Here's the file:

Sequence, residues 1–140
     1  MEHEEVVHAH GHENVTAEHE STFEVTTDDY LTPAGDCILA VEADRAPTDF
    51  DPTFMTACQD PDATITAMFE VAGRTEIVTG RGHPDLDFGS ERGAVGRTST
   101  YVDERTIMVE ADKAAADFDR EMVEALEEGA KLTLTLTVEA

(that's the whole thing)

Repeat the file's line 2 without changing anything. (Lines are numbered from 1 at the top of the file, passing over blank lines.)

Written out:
     1  MEHEEVVHAH GHENVTAEHE STFEVTTDDY LTPAGDCILA VEADRAPTDF